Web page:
Dylan is 12 and lives with his father in a remote town in outback Western Australia. One day in school, Dylan discovers that he has a remarkable talent for making paper planes and getting them to fly long distances and so he undergoes a journey to qualify for the World Junior Paper Plane Championships in Japan.

But it isn’t all fun and games. Dylan has to contend with the school bully, a super competitive fellow paper plane whiz, his first feelings for a girl and his father’s deep depression and withdrawal from life. Dylan has a lot he needs to face before he knows that he’ll be ready to create the best paper plane in the world.

Paper Planes is a little different in that it’s a book based on the screenplay by Robert Connolly and Steve Worland. Worland is probably best known at the moment for his adult action novels but he’s also worked in TV and on movies, including Farscape and Bootmen. Connolly came up with the idea when he and Worland realised how few Australian kids movies their daughters had seen, instead it was all Disney and Pixar etc. Whilst those are great movies, they wanted to make something uniquely Australian and it seems like they’ve succeeded here. Paper Planes has a fantastic cast (Sam Worthington, Debra Mailman, David Wenham to name just a few established stars and young actor Ed Oxenbould plays Dylan. Oxenbould is a name most Australian TV aficionados would recognise).

Paper Planes is middle grade rather than YA, and I don’t read a lot of it. Ok, any really. But I have a 3yo and a 6yo and I’m assuming it’s going to become a lot more common in my household soon and this one seemed like a pretty good place to start. Dylan is a very likable kid and the narrative is charmingly conversational, very much fitting to a 12yo boy. Before reading this I didn’t even know there was a World Paper Plane Championships but google tells me that it is apparently true! I thought it was such a fun concept to base a story around – who hasn’t made a paper plane and tried to fly it as far as you can? Although the tone is light hearted and fun, the book does delve into a few issues such as schoolyard bullying and the best way to handle it, ultra-competitiveness, the thrill of a first crush as well as grief and how had it can be to go on. Each are handled very well – just enough focus without tipping the mood too seriously and Dylan thinks his way through each challenge and you can see him really learning things as he gets through each round. The paper planes he makes and how he has to adjust them if necessary are rather a good metaphor for other things kids need to deal with in life and how they must adjust in different situations.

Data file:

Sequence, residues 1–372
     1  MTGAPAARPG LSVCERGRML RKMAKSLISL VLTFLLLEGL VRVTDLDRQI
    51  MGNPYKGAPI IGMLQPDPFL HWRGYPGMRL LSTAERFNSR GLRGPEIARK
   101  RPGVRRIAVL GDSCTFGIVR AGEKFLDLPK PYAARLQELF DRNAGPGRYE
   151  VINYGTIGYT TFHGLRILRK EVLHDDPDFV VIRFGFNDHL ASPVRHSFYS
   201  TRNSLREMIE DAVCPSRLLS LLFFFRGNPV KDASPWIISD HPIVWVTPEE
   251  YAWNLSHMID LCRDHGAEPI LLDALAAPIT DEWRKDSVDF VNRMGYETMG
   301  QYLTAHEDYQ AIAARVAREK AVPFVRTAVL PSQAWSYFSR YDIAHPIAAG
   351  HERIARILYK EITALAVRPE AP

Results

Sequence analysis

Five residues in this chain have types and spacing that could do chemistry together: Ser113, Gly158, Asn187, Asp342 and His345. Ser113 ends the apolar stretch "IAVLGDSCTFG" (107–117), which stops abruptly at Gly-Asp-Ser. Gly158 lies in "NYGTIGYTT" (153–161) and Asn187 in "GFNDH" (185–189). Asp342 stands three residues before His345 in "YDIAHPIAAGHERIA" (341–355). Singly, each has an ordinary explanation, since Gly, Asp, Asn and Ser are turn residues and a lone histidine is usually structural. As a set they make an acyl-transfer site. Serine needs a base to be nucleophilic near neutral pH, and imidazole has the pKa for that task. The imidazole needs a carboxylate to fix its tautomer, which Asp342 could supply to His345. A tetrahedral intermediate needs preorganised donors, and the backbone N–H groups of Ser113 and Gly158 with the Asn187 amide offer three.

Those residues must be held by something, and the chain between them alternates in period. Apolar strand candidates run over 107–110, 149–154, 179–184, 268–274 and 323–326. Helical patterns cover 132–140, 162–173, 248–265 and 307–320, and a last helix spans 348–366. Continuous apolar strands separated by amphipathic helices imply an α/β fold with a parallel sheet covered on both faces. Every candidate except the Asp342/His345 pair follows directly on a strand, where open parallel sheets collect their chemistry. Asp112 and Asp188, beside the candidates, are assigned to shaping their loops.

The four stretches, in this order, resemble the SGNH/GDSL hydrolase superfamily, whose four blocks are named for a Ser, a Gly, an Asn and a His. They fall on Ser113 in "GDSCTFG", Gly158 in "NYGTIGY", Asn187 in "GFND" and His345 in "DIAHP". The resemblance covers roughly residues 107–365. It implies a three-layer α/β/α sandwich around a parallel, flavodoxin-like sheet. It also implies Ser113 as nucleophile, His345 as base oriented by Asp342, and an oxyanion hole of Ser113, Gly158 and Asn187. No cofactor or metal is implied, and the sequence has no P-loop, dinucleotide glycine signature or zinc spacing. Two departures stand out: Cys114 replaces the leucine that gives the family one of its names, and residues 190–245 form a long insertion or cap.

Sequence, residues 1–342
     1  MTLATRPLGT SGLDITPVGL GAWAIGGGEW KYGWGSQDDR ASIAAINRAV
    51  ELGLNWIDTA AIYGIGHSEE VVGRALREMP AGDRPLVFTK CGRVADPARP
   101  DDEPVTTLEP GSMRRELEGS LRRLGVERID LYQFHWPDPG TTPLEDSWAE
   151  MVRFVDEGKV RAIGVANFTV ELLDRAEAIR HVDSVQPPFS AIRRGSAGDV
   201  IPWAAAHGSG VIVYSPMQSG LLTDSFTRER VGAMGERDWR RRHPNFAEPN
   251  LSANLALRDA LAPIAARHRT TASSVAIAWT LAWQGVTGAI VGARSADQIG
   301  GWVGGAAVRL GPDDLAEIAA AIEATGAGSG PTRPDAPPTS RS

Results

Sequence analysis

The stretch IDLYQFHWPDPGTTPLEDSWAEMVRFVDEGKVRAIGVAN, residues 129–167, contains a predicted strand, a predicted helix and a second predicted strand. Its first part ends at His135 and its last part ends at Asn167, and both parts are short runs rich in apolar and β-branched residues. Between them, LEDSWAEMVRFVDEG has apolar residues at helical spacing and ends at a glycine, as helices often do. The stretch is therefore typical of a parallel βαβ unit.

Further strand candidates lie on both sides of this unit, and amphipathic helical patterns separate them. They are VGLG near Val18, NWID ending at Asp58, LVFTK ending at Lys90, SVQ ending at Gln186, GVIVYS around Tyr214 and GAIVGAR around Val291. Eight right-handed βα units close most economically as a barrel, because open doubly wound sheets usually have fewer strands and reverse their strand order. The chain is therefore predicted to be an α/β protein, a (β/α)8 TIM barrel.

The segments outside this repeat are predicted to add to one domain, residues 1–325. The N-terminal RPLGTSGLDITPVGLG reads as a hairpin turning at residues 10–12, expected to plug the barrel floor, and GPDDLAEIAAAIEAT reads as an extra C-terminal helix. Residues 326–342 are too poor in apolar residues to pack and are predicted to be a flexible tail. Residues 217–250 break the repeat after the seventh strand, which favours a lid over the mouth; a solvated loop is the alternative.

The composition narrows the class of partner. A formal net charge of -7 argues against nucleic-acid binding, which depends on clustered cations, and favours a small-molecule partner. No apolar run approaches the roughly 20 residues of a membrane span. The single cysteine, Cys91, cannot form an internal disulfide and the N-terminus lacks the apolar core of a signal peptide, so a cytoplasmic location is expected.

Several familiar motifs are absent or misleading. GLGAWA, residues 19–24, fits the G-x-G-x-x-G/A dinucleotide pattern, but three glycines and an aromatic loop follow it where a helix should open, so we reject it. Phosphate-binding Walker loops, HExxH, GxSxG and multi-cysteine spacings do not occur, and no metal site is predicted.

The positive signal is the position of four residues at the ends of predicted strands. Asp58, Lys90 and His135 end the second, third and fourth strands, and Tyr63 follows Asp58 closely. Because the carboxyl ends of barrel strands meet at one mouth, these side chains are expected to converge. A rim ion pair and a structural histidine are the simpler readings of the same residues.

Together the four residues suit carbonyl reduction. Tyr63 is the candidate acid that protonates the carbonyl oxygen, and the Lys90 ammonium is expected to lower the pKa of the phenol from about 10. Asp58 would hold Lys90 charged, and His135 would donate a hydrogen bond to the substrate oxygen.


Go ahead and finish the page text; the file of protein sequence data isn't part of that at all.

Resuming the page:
I thought Paper Planes was a very enjoyable read and I’ll be keeping it to read with my eldest in the coming year. It’s probably a great way to expand on the movie as well, which we might have to watch also.


Book #25 of 2015

3 responses to “Mini Reviews: For The Forest Of A Bird by Sue Saliba & Paper Planes by Steve Worland

  1. They both sound like really amazing Australian books! I loved your reviews of them both. 🙂 Thanks for sharing!

  2. marlin1 says:

    This might be a case of where the movie is better than the book. I saw Paper Planes last week and it’s an absolutely delightful movie.

  3. These both sound like great books. I didn’t realise Paper Planes was a book before a movie… I’ll have to check this out.